Consumers are increasingly calling on brands to make it easier to track pet food ingredients, too, Beneo’s Ronsmans says. Research conducted by Beneo shows that a majority of pet owners expect their pet’s food to be human-quality, which is why the demand for natural, healthy, clean-label ingredients is growing.

“Pet owners want understandable labels,” Ronsmans says. “They also want ingredients that are nonallergenic and health promoting. Consumer interest in all things clean label is driving demand for more ethically sourced products. Consumers want to see more sustainability information on pet food packaging.”

Beneo recently increased energy efficiency in its factories and is investing in technologies that can harvest more raw material, thereby reducing waste, Ronsmans says. Beneo also recently invested 50 million Euros in a new pulse processing site in Germany, which helps to reduce carbon emissions at the farm level.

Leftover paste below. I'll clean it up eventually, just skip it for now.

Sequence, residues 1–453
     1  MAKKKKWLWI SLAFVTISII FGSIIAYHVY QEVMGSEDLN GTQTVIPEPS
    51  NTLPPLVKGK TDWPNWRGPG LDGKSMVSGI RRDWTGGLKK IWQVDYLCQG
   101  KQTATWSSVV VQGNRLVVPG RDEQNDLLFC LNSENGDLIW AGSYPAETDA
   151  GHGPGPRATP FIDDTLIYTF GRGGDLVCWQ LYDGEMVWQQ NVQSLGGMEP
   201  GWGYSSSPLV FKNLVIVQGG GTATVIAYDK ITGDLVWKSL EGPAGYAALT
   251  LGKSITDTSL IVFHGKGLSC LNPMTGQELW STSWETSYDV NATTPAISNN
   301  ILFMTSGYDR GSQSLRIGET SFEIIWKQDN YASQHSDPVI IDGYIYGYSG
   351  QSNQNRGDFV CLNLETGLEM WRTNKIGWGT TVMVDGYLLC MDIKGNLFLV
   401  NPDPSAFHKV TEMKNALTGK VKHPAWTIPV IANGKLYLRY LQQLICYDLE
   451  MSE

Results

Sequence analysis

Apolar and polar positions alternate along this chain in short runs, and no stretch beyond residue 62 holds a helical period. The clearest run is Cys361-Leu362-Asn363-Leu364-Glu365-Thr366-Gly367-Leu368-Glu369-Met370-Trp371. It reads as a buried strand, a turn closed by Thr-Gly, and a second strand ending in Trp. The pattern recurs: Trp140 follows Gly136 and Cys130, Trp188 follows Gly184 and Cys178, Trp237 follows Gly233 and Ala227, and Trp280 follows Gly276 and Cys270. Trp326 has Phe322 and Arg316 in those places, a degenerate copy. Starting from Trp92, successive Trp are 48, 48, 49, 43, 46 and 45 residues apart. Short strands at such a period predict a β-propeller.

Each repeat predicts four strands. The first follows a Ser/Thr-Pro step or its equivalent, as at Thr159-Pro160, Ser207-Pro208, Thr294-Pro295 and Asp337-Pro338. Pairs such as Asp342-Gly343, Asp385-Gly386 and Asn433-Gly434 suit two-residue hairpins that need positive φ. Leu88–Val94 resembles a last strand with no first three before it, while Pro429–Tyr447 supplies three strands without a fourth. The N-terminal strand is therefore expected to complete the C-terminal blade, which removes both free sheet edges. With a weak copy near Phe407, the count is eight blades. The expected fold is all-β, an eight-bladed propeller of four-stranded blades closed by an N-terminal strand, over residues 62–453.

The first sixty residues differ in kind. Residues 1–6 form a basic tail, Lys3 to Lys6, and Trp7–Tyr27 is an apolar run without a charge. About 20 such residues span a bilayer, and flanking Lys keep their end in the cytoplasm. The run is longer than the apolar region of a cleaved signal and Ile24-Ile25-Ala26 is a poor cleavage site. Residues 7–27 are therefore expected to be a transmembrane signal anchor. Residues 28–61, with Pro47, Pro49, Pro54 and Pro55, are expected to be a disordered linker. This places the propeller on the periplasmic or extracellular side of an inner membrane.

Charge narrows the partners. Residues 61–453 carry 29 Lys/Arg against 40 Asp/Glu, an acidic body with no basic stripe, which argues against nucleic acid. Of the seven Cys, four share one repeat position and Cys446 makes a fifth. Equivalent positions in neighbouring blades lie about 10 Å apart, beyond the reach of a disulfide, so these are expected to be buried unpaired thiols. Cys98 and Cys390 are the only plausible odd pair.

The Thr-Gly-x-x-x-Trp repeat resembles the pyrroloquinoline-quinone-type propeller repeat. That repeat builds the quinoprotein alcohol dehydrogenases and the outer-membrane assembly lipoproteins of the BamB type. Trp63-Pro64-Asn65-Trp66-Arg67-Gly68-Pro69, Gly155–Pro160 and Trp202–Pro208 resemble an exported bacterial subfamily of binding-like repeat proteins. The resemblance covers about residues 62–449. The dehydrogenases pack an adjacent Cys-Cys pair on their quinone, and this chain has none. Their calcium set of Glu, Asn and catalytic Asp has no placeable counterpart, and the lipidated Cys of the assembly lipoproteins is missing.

Consumers Dial Up the Scrutiny

Pet parents are more eco-conscious than ever, and they’re willing to spend more money on pet foods and pet health products that can meet their high expectations. Clean-label formulations, plant-based and whole-food ingredients, and supply chain transparency are some of the dominant human nutrition market trends that have found their way into the pet health space.

As more consumers start to consider the sustainability implications of their buying habits and reduce their carbon footprints, demand for sustainably sourced pet food and pet ingredients will only grow.


  1. Kantar report. “Who Cares, Who Does?” Published September 2020.
  2. Press release. “OpenText Survey Shows Increase in Demand for Ethically Sourced Goods.” Posted September 29, 2021.
  3. Rotz CA et al. “Environmental footprints of beef cattle production in the United States.Agricultural Systems, vol. 169 (February 2019): 1-13
  4. Thomas I. “Mark Cuban Invests in Plant-Based Protein Company, but It’s Not for Humans.CNBC. Published online September 12 2021.